Returning from Maternity Leave—the Changing Business Context
SHL’s Ceri Mongie shares her experience of returning from maternity leave during a hard lockdown, and her thoughts on adapting to the new business context.
'Returning’ to work from maternity leave during a hard lockdown due to the COVID-19 pandemic was an eye-opener for me. It is a life adjustment all on its own. However, returning to a new business context, a new way of working, and with new expectations at the same time—it is a different story as it made the experience much more challenging for working mothers.
The COVID-19 pandemic shook the world and continues to do so. No doubt every single individual has a story to tell of how the COVID-19 pandemic has affected them on a deep and personal level. This is my story. As South Africa went into its first hard lockdown, I was preparing to return to work after being on maternity leave for three months. It was not the first time I had been on maternity leave, so I thought I knew what to expect. I had put in place all the necessary resources and colleagues to ensure that I returned to the South African business unit as I had left it.
It is nearly two years gone since I returned to work, and I am choosing to write about this now as I believe I can only truly reflect on the last two years and the impact this experience has had on me as a leader.
How the business context changed
My plan was in place; my twins returned to school at the beginning of 2020 after the December holidays; my husband was back at work, and I could enjoy my time at home with my newborn. Suddenly, I had one month to go on maternity leave, and I had to start preparing for coming back to a completely different business context requiring a different type of leader. As the reality of the pandemic unfolded, my reality became clear…my children would be at home with my husband and me while we were working with no support, and the worry of a friend or family member getting sick and worse set in. I needed to take over from my colleagues who had implemented the lockdown measures and continue to lead the business. In the end, this made me decide to cut my maternity leave short by two weeks. Everyone was dealing with the changes the pandemic brought, but I felt like I had no lead-in and was, in a sense, sheltered being at home.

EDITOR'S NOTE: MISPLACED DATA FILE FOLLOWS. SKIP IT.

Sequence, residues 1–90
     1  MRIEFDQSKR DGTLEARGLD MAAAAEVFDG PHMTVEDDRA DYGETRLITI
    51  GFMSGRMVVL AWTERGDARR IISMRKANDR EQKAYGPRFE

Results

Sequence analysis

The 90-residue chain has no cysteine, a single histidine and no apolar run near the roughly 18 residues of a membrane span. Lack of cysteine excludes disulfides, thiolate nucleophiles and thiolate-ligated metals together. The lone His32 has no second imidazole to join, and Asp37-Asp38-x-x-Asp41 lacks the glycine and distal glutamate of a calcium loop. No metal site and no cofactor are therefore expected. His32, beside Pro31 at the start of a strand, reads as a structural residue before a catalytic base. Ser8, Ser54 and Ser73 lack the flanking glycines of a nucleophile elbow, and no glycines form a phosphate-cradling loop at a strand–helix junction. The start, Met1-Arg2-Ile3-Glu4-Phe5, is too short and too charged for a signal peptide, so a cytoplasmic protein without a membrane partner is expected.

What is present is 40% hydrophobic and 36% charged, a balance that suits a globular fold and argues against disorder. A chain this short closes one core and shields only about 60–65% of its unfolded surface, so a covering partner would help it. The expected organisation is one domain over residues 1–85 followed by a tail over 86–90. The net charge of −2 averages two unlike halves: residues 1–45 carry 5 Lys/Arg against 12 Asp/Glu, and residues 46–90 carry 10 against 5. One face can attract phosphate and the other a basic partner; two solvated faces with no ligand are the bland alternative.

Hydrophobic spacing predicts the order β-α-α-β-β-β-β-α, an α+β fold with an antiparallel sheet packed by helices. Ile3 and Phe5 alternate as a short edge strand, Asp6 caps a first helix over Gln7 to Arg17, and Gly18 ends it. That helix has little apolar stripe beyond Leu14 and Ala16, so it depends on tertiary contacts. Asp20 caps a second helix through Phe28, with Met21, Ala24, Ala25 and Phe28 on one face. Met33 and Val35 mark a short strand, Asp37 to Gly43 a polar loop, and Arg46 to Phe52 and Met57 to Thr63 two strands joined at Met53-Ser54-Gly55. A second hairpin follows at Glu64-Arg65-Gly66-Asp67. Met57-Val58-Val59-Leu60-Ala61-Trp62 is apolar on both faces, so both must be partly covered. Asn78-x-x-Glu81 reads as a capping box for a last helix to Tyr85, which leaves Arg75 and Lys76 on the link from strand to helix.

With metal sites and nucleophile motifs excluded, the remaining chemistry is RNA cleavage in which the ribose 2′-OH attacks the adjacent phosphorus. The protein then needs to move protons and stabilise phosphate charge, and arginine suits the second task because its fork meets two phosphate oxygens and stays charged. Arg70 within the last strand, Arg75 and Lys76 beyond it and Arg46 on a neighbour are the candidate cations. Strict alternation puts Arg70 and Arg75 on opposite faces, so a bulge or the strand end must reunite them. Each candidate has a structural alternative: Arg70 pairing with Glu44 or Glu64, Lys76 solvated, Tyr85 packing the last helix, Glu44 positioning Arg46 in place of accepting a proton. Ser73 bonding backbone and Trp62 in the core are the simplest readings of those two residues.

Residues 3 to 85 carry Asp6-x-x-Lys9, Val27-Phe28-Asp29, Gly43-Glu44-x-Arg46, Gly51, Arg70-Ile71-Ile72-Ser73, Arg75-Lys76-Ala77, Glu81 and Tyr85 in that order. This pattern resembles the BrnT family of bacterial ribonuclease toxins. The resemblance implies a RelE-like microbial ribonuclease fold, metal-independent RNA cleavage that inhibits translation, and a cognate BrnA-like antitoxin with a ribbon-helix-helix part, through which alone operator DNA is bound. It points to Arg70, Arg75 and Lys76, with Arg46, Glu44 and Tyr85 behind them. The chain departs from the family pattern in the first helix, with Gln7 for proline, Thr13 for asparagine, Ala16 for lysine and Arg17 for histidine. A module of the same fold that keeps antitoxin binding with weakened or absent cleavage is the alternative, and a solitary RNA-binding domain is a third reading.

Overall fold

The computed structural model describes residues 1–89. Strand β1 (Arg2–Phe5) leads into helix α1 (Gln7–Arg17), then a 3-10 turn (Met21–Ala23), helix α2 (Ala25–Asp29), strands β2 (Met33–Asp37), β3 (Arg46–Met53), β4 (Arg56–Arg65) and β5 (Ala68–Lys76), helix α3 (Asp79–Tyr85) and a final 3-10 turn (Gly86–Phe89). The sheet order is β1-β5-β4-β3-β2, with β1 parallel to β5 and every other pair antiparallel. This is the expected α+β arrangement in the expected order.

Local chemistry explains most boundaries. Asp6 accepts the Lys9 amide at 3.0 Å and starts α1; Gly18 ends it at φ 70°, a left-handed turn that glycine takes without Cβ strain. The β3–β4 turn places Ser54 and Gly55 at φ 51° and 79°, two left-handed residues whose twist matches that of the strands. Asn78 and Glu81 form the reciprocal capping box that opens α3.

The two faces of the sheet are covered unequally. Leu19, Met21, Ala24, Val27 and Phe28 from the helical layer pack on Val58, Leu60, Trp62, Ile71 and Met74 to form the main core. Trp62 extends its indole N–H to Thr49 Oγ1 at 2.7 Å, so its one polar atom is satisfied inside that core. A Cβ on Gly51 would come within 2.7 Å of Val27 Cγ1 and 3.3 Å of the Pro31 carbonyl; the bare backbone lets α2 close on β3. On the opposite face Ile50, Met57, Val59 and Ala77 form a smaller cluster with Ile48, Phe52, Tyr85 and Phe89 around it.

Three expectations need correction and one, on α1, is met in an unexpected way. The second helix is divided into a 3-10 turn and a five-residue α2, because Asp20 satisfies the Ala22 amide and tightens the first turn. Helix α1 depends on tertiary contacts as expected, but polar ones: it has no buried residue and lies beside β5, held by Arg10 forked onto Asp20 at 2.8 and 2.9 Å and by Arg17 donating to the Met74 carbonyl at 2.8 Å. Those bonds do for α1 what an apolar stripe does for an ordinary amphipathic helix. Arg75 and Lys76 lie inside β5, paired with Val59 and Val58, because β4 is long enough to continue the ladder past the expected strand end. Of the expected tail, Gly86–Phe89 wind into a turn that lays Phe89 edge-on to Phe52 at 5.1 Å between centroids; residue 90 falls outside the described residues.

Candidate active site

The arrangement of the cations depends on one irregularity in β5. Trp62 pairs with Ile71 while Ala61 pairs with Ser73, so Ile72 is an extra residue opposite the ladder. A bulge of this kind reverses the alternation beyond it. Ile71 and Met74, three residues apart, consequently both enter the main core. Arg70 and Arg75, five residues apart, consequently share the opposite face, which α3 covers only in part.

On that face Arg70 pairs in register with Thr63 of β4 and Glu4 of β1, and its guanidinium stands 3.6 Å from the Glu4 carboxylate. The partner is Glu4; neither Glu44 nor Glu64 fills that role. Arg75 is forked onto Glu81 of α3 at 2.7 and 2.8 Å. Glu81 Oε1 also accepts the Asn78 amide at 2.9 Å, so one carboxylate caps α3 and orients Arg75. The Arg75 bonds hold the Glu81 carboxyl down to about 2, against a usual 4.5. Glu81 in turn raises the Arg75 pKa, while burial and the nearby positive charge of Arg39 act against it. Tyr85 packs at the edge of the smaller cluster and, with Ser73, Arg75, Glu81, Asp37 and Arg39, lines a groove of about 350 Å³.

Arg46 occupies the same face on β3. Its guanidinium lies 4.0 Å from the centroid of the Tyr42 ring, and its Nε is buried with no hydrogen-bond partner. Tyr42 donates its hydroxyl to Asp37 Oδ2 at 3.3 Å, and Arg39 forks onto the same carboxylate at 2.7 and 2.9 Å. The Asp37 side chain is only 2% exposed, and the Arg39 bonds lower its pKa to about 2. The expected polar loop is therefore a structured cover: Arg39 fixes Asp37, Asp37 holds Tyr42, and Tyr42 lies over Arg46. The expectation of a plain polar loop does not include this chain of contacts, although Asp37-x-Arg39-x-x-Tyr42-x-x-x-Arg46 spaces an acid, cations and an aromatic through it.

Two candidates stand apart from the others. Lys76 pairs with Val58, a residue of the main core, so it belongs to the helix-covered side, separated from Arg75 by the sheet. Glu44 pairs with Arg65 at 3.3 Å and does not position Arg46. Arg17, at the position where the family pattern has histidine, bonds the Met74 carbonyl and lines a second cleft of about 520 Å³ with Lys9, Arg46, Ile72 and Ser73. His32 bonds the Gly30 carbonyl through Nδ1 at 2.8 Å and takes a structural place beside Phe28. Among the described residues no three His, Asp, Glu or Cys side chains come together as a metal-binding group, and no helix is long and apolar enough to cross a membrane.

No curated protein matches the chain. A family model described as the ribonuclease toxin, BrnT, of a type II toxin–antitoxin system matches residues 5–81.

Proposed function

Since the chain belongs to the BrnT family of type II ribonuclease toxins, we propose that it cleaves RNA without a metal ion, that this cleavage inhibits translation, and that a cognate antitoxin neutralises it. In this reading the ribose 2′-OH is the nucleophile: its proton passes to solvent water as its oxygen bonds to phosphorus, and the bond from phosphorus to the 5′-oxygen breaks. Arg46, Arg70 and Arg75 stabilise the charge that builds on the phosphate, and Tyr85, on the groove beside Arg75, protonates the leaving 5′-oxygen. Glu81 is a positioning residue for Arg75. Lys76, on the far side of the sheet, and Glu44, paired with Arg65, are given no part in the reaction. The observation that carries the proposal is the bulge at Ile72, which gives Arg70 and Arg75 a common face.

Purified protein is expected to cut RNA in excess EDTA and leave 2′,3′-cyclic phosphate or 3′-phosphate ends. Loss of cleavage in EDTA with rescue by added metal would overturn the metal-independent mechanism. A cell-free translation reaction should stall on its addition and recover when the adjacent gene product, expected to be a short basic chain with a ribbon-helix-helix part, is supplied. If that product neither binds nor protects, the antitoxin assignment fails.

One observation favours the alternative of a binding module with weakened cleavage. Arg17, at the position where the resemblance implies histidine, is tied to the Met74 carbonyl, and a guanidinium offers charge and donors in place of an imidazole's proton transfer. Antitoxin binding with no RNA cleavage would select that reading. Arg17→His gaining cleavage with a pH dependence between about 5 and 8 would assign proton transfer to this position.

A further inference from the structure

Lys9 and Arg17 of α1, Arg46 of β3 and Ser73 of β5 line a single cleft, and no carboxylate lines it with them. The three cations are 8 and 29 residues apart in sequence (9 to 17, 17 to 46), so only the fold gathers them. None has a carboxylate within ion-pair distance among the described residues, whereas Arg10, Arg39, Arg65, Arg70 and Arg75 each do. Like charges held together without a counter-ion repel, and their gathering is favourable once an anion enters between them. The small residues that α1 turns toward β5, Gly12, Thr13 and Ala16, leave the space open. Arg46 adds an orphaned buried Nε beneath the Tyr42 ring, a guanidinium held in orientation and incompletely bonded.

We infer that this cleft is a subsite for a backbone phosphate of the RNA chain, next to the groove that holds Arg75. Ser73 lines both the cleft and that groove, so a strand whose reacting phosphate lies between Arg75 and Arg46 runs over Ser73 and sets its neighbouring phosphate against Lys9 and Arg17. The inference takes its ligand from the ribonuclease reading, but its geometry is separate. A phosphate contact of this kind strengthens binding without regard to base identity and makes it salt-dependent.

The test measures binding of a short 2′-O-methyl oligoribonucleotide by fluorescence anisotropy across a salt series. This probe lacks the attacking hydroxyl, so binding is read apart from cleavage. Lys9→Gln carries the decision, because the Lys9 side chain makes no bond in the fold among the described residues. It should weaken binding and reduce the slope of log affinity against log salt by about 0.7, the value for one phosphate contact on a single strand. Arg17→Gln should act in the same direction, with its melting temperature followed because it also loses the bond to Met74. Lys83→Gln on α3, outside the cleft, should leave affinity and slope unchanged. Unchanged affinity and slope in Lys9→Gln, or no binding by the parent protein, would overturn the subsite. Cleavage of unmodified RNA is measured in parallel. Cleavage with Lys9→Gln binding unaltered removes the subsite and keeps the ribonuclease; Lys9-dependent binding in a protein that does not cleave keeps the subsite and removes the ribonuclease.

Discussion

In just three and a half months I felt that there were new expectations of me to support and lead the business which required new skills. This is unsurprising as Gartner stated in their 2020 HR priorities Survey that 90% of the respondents said that new skills would be required for existing roles. Mobilizing leaders can be very difficult and the question I was asking myself was: is there still strategic alignment between what was required for my role at that point in time as well as in the future and me and my leadership skills?
Three years of SHL research on 9000 global leaders identified one critical insight, and that is Context. Organizations are over four times more likely to make the right leadership mobility decisions with the Power of Context. So, I know that adapting to the new, evolved business context is crucial for any leader to stay relevant.
Mobilizing leaders can be very difficult and the question I was asking myself was: is there still strategic alignment between what was required for my role at that point in time as well as in the future and me and my leadership skills?
How I adapted to the new business context
Challenges of balancing work and family life during a hard lockdown aside, the biggest initial learning for me was that I did not need to do it all by myself. I continued to implement, support, and build on the initiatives put in place by my colleagues while I was on leave. In hindsight, it might have been the best thing that I was on maternity leave while the planning for the lockdown and the business context changing was happening. These critical business contexts had to be focused on more than ever and included actions like driving network performance, leading geographically dispersed and remote teams, ensuring the safety of persons, and delivering under high uncertainty and ambiguity. While I have learned to adapt to and develop towards some of these challenges, I might not have been the best leader to initially drive these.
As the reality of the pandemic unfolded together with other global and local events such as the Black Lives Matter movement and the 2021 July unrest in South Africa, I learned some hard lessons as many leaders did and will continue to do so. I had to continue to adapt, collaborate with the right colleagues and peers in the right business contexts, and really listen to my team.
Almost two years later and what a journey it has been, with many highs and many lows. In some ways, life is back to ‘normal’ with all three children at school and both my husband and me back in the office. However, I still ask myself every day, how do I continue to adapt and transform to the new business contexts that present themselves? I believe it is critical that I, and all managers and leaders, continue to review and develop ourselves and our teams to mobilize and align to the changing business contexts.